The Climate Action Summit scheduled for Sept. 23 at the United Nations in New York City will be the most important gathering ever held by the global community to try to effectively combat climate change.
Well-intentioned but unkept promises to reduce greenhouse gas emissions have failed.
With the notable exception of President Donald Trump, heads of state around the world now understand that all countries must put in place exacting and enforceable plans if we are to avoid pervasive upheaval in the decades ahead.
UN Secretary-General Antonio Guterres is calling on all leaders to come to New York with concrete, realistic plans for establishing sustainable ecosystems and agriculture, developing resilient communities and infrastructure, mitigating and adapting to climate impacts, and transitioning to renewable energy.
Climate change is the preeminent crisis of our time, and it demands that every elected official set aside petty politics and act on principle to ensure a future for our children, our country and the world. But the Trump administration is not likely to participate constructively at the summit.
Therefore members of Congress from both parties must assure summit participants that in the post-Trump era the U.S. will meet its obligations to safeguard future generations.
People everywhere are understandably concerned and they’re demanding decisive action. Many states are doing their part. But the federal government cannot stand idly by, isolated and scorned, as the world’s disparate countries valiantly struggle together to come to grips with humanity’s greatest challenge.
Privateer Creek Road
This is for the guy who blew his horn when the light turned green on Carriage Lane to turn left onto Old Towne Road.
I was in my yard and saw you speeding past the driver of the small car. You pulled in front of him and slammed on the brakes. Thank goodness for fast reflexes and good brakes on the smaller car.
Then you stalled traffic for two blocks and turned left. I was in my yard and was waiting to see a rear-end collision involving your vehicle.
If there had been a wreck, I was all set to give a statement to any responding traffic officer about what I saw.
The speed limit on Old Towne Road is 45 mph. Slow it down. We have children living in our neighborhood and in the apartments on Old Towne.
Old Towne Road
Heed rule of law
How is it that those who cry, “We are a nation of laws,” care least about them?
I am referring to the Democrats who cry that President Donald Trump has violated the law when they know good and well that President Bill Clinton did and was impeached. They turned a blind eye to the law.
In the 1970s when President Richard Nixon obstructed the law, both Republicans and Democrats agreed that the law should be honored and Nixon left office.
Hillary Clinton violated the law when she kept a private server at her home, with classified information on it, not to mention the cover-up that followed. The facts should have been presented to a grand jury for prosecution but were not. Why? Politics.
Why do some Americans support Trump when they know he is dishonest, lacks integrity and is of poor moral character, not to mention that he does not bring to the office of the presidency the dignity and respect that it deserves?
The answer is that they are mad that the Democrats have made a mockery of the rule of law.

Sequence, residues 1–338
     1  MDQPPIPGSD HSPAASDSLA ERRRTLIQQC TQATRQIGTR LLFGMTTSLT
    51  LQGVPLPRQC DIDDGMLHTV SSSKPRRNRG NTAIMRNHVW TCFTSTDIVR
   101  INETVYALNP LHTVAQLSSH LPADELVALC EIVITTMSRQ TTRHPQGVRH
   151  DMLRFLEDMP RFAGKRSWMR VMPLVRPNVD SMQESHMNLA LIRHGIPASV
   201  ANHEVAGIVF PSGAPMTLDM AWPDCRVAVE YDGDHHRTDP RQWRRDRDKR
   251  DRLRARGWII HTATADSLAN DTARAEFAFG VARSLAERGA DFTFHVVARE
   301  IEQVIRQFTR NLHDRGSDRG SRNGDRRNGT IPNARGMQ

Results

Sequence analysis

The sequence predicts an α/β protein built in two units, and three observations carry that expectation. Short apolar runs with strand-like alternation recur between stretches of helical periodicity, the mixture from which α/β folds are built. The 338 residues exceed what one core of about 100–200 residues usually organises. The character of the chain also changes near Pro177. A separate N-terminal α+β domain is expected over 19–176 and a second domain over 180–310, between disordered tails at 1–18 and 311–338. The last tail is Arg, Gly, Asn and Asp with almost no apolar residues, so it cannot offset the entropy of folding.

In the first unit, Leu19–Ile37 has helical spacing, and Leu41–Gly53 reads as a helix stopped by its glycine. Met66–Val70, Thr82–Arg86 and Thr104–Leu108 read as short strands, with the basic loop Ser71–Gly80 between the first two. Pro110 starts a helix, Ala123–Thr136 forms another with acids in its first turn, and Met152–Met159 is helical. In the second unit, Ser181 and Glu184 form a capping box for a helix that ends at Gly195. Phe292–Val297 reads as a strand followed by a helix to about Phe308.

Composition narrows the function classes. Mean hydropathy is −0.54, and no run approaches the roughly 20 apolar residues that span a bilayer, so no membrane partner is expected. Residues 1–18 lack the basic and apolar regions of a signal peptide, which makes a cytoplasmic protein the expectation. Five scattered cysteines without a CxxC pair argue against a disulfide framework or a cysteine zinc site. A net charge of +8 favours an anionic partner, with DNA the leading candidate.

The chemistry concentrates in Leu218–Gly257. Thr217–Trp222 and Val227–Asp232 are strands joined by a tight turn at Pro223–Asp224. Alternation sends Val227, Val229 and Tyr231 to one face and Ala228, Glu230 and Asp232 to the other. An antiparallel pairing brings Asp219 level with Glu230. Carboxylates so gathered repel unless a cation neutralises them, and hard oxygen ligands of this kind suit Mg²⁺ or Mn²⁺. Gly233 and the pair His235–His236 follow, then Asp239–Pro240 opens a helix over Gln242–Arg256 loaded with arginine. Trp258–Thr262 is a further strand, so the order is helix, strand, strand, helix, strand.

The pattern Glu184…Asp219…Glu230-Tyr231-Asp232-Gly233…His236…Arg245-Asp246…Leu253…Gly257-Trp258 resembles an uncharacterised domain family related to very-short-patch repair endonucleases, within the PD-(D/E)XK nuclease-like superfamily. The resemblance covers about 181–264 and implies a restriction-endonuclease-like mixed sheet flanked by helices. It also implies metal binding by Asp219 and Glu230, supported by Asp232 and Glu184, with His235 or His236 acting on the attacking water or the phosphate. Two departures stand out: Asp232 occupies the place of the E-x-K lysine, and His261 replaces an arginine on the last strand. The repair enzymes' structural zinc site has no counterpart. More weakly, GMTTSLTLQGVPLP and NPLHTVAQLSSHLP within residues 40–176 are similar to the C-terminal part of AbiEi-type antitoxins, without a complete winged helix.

When a thousand former federal prosecutors sign a letter stating that if they were presented with the facts in the Muller report, they would indict the president, it is time to honor the rule of law regardless of party or politics.
Why? Because we are headed to a very dark place if we do not.
The Post and Courier recently commemorated the two-year anniversary of the V.C. Summer nuclear debacle with a variety of reporting and commentary. Cindi Scoppe’s piece on the visit new Santee Cooper CEO Mark Bonsall paid to the newspaper’s editorial staff stuck out to me.
During Bonsall’s meeting he discussed his wish list for the flailing state-owned utility.
Santee Cooper can hire the best of the best in the utility world to talk the talk about reform, but there is only one source of payment for all the past failures that resulted in billions of debt.
That’s right, Santee Cooper and co-op customers will still have to bear the burden of all the costs, no matter how many promises pricey execs make.
Talk all you want to about reforming and restructuring the state-owned utility, but the one thing that won’t change unless Santee Cooper is sold is who’s on the hook to pay for the $4 billion hole in the ground from the abandoned V.C. Summer project and the nearly $4 billion of operating debt the utility racked up.
There is no reason for the state of South Carolina to be in the utility business. There is no reason why a state agency employee, better known as a public servant, should make over a million dollars a year.
And there is absolutely no reason why Santee Cooper customers should continue to pay for all of the mistakes, fancy salaries, golden parachutes, criminal defense lawyers, etc.
Santee Cooper must be sold.
Lake Frances Drive
Thinking about it
I read letters to the editor on a daily basis. Many writers offer suggestions, ideas or plans to fix a certain problem.
It could be anything from flooding to the dysfunction in Washington, D.C., to the price of eggs in China.
Many other writers ask questions about why things are done the way they are on a variety of subjects.
Well, I came across a quote from Gustave Flaubert and it might be helpful to both of these types of writers.
He said, “Earth has its boundaries, but human stupidity is infinite.”
Think about it.